April 8, 2016

Switching Careers in QA: From manual testing to automation development

"Are you a manual tester? Are you attempting to switch careers in the software industry? Are you trying to break into automation development? In this article, I will outline how I made the transition from being a manual quality assurance engineer—a technical position that deals with next to no actual coding—to an automated testing position, where I am programming in Selenium and Java daily.

"This transition didn't come overnight. It took years to lay the groundwork for this career shift. Because I found the transition difficult, I'd like to share some pointers with other software testers who are in a similar situation in order to make their career shift easier than mine was".

... I've always enjoyed writing, from classes in high school and college, to technical writing at the workplace, but I have only been writing regularly for the past year-and-a-half with this blog. What started out as a form of interview prep became a public space where I could grapple with new concepts I am learning on-the-job, and bounce off ideas with others attempting to hone their automation development skills.

I decided in February that I wanted to branch out. I saw that TechBeacon, an online magazine by Hewlett Packard Enterprise, were searching for contributors. I wondered if I could transform any of my eighty-plus stream-of-consciousness rambles into an actual article?

"I have been part of the software testing industry since the dot-coms first started roaming the earth, and for most of my career, it has been pretty much the same. My job as a software tester has always been to act as an end-user advocate. I provide a voice for customers of the web application that I am testing. After distilling both the product requirements and the user interface design into test cases, I execute them as a manual tester, using the same tools our customers will use: a keyboard, a mouse, or fingers on a touchscreen".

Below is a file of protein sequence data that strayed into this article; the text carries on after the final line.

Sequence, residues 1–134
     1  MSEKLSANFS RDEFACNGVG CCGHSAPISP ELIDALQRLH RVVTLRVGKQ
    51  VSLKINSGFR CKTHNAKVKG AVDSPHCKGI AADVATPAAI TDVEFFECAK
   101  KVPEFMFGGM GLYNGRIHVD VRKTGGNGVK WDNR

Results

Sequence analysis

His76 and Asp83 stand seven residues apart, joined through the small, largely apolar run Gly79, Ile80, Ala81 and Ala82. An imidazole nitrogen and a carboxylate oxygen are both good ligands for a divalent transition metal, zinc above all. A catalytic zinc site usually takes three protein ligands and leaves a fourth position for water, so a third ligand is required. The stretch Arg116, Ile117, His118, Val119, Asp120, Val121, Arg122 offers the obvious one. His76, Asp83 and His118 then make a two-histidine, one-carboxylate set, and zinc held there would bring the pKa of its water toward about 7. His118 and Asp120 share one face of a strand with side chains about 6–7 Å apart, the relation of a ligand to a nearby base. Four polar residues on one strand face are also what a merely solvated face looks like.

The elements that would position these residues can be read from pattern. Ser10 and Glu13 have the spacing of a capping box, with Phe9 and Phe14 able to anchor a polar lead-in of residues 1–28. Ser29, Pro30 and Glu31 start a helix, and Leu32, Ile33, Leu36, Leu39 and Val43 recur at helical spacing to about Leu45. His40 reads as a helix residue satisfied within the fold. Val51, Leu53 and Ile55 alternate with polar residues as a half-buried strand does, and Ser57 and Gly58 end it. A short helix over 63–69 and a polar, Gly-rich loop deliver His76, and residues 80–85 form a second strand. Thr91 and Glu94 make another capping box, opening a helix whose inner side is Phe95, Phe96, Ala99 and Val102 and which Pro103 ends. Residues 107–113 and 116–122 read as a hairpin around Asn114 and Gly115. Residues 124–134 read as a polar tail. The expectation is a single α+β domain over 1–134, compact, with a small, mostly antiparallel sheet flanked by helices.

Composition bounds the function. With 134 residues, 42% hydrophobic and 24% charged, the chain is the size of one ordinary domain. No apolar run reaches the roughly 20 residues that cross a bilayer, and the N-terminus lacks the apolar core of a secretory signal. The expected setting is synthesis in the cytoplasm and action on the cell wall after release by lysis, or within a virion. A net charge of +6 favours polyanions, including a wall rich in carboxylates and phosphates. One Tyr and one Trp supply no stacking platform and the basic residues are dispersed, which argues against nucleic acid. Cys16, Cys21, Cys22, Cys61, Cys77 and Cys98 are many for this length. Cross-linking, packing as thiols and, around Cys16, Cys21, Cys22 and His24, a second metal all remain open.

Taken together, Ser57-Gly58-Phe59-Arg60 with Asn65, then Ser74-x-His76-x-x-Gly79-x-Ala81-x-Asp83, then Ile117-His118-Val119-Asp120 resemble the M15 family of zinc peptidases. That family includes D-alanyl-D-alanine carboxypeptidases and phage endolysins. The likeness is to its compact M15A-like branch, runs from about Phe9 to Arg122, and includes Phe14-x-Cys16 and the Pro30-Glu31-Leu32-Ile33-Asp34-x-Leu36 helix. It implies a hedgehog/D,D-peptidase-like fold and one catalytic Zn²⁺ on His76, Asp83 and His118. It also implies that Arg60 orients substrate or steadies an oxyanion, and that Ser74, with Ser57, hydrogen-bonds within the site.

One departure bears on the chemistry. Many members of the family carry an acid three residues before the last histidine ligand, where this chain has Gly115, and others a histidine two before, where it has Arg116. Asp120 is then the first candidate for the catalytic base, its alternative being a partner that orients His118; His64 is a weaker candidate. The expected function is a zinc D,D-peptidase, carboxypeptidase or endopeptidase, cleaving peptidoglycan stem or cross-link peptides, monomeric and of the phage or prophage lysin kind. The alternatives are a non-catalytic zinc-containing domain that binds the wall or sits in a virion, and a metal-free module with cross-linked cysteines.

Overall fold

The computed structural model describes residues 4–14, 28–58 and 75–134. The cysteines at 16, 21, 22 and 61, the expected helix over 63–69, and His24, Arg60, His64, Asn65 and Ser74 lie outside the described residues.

My First Published Article, on TechBeacon!

Two days after expressing interest in writing an article and submitting to TechBeacon my blog as a writing sample, the editor Robert Mitchell sent me an email to see if we could chat about a blog post of mine that might be a good fit for the magazine. We decided on the April 2015 entry, "How to Switch Careers in the Software Industry". Robert drafted an outline based on the blog post that he could present to the review board for approval.

"[...] The relationship between development and QA shouldn't be the same as the relationship between an artist and an art critic. It should be more like the relationship between a writer and a copy editor, both applying their specialized skill sets to make a quality product".

Within two weeks of being approved, the article was content-edited to smooth the structure, and copy-edited to fix a typo or two I had missed. I can spot a typo from a mile away, but am completely blind to mine own.

"Coders learn to code by going beyond the classroom, experimenting on their own with writing programs and apps. Automated testers do the same with random sites on the web: How would I test this web page, and what tests would I write?"

... So, that is the story how I got paid for my very first article!

If you care to read the whole thing, it is here. I am quite happy how it turned out! :) ... And around five cents a word, too. Not bad! :)

-T.J. Maher

// QA Engineer since 1996
// Automation Developer for [ 1 ] year and counting!